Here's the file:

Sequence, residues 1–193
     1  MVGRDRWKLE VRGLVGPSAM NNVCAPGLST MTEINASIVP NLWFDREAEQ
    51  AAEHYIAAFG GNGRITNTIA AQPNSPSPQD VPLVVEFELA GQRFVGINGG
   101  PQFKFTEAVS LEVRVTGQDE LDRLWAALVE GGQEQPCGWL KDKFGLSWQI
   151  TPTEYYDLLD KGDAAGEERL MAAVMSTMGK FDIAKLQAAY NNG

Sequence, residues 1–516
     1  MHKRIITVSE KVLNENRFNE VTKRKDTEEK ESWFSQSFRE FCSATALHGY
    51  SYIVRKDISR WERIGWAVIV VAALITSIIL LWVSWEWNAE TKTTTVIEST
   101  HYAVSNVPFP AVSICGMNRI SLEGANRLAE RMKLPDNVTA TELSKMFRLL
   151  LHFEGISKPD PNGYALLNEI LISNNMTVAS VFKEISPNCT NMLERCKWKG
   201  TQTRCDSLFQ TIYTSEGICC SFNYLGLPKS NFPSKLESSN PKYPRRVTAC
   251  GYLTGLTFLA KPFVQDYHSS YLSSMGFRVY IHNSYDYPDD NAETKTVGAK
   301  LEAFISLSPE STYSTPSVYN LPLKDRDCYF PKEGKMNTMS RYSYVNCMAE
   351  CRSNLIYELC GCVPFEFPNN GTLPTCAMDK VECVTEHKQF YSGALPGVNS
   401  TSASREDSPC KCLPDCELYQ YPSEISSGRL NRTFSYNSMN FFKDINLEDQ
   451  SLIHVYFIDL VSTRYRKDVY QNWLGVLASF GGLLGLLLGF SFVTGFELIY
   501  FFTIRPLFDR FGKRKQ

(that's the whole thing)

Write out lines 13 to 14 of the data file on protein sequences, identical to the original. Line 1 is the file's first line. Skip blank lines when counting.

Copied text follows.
   301  LEAFISLSPE STYSTPSVYN LPLKDRDCYF PKEGKMNTMS RYSYVNCMAE
   351  CRSNLIYELC GCVPFEFPNN GTLPTCAMDK VECVTEHKQF YSGALPGVNS